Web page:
Worried wildlife lovers have been told no more ground work will take place on land at Chosen Hill.
A campaign group has been established to help preserve the character and wildlife on the hill after clearance work began on the 12 acre site.
The beauty spot is popular with walkers, and a haven for wild flowers, rare orchids, nesting birds and badgers. But residents who lived nearby became concerned work was continuing without necessary wildlife surveys taking place.
Land owner Nick Chapman, who grew up in Churchdown, has cleared around a third of the land that he plans to re-turf and use for grazing for horses.
He insists a change of use planning application is ongoing and is awaiting a report on sloping before it can be rubber stamped.
Mr Chapman also said he had a meeting with immediate neighbours of the land prior to the work, advising him of his intentions.
“There are some wooded areas where there are sets, but I have not touched that part of the land. And the orchids are also not in danger of being damaged in any way.
“The work I’ve done to date is all I’m going to do. I’m staggered this is considered to be a story. The work has stopped. It is nimbyism.
“I have had some people come up to me apologising for the over reaction from some others in the community.”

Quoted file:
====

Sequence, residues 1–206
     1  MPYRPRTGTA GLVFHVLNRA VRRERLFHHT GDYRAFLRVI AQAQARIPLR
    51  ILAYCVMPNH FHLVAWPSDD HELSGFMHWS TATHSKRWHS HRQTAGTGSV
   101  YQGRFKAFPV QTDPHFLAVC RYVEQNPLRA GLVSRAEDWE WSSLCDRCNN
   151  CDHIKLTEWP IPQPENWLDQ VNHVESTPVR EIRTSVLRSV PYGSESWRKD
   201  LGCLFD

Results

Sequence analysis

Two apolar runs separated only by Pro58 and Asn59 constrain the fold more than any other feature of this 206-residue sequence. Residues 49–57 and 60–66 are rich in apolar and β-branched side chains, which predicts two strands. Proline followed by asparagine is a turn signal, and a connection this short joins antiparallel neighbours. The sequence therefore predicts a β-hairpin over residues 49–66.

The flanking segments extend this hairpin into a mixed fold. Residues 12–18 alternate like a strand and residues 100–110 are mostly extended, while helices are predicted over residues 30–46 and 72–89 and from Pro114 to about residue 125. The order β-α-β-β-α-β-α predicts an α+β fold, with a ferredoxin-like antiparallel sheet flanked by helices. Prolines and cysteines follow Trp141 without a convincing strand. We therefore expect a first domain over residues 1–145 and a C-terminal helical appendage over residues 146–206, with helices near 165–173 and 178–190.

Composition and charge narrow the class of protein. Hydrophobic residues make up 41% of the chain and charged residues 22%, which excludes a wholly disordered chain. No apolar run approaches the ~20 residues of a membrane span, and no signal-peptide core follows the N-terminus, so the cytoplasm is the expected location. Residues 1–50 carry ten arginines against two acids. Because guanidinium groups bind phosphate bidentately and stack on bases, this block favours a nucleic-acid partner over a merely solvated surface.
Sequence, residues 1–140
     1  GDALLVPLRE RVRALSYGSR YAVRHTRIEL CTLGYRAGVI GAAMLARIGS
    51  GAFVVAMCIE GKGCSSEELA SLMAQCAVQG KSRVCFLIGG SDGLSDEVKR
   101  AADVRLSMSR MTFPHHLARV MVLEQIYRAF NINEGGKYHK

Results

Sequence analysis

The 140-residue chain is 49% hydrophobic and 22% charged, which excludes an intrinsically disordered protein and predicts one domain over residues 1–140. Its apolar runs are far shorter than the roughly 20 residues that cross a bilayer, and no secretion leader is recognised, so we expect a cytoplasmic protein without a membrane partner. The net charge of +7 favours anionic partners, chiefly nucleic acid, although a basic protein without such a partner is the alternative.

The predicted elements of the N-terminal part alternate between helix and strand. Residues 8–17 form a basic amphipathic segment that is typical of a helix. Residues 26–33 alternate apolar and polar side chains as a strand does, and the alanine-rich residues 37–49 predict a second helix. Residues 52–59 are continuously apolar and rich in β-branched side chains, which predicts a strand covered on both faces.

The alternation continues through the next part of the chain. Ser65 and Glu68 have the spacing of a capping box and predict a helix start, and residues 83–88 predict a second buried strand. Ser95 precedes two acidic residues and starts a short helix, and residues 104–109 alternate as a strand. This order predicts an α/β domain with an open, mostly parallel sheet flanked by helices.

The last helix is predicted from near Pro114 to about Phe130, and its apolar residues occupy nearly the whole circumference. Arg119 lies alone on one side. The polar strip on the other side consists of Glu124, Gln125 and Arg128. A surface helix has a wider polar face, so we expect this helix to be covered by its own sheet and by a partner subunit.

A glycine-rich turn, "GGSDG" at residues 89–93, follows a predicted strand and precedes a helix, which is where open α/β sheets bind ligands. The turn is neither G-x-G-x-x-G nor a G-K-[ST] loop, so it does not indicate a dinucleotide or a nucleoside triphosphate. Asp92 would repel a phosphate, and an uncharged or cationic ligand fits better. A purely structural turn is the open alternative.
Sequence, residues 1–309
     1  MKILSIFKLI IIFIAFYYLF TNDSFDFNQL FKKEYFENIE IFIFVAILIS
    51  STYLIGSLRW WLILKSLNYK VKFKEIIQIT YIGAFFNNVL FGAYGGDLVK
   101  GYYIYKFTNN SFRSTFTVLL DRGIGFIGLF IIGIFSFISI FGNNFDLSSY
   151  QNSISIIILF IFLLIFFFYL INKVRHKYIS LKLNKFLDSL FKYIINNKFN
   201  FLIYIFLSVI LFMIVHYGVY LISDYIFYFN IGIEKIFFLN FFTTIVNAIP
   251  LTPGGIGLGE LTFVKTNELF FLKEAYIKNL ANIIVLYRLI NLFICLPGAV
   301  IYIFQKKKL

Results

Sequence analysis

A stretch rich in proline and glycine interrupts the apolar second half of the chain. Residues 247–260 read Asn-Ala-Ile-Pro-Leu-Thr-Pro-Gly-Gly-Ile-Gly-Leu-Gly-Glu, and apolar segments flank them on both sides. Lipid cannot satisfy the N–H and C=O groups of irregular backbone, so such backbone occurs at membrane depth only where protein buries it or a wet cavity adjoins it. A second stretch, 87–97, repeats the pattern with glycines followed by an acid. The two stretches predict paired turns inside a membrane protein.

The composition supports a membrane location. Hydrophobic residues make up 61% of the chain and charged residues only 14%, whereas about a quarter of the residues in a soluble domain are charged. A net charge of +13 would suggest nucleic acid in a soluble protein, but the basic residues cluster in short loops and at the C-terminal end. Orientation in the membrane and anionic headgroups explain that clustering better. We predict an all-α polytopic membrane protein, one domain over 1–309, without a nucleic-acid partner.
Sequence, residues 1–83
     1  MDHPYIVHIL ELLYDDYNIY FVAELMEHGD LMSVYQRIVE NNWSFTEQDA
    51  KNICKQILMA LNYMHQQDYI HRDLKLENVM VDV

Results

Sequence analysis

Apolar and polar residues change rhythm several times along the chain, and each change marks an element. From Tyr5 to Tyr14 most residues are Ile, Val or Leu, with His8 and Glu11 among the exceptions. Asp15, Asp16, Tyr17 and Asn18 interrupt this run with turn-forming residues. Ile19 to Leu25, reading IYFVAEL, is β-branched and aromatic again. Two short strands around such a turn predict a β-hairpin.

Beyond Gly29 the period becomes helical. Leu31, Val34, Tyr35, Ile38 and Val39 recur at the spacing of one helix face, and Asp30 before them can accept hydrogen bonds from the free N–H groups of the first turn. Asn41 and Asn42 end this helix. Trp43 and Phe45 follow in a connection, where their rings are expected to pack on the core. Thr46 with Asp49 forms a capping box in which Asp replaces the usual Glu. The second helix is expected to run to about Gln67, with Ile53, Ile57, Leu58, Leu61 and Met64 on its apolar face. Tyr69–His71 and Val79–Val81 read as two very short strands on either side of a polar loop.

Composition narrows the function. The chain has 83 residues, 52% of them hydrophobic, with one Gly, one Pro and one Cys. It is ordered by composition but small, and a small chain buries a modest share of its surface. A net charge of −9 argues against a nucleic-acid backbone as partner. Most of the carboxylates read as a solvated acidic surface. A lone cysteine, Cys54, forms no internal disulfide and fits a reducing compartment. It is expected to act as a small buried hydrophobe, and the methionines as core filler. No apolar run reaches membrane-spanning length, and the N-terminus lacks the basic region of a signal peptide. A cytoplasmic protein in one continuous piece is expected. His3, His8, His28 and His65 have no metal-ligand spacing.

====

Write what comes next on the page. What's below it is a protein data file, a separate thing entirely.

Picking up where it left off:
Ted Stevens, who lives near to the land, has led calls for the land to be protected.
He said: “We are launching a campaign to try to get the work stopped until full permissions, ecology surveys, access agreements and planning is applied for.
“The Churchdown Hill Alliance includes organisations and individuals concerned about the loss of wildlife habitat and the cavalier attitude being shown by the new owner of the land.”
So far, the group has contacted MPs, councillors, conservationists and the police wildlife officer.
Volunteers from the Friends of Churchdown Hill group have been helping clear and maintain footpaths in the area for almost 30 years.
Sarah Moore, clerk at Hucclecote Parish Council, said: “We are very concerned about the wildlife – possible nesting birds, badgers, and bats. Therefore I have reported it to Gloucestershire Police.”
Tewkesbury Borough Council’s Development Control Manager Paul Skelton said the council had also been contacted about the issue and is now investigating if there has been any planning breaches on the land.
He said: “Planning permission is not normally required for clearing land as such however if it is proposed to use the land for purposes other than agriculture, or to erect any buildings, then planning permission may well be needed.”
A spokesman for Gloucestershire Police confirmed they had been informed about the land clearance and are reviewing the complaint made against the owner.
He said further evidence to prove damage to wildlife habitats was required before the police wildlife officer would intervene further.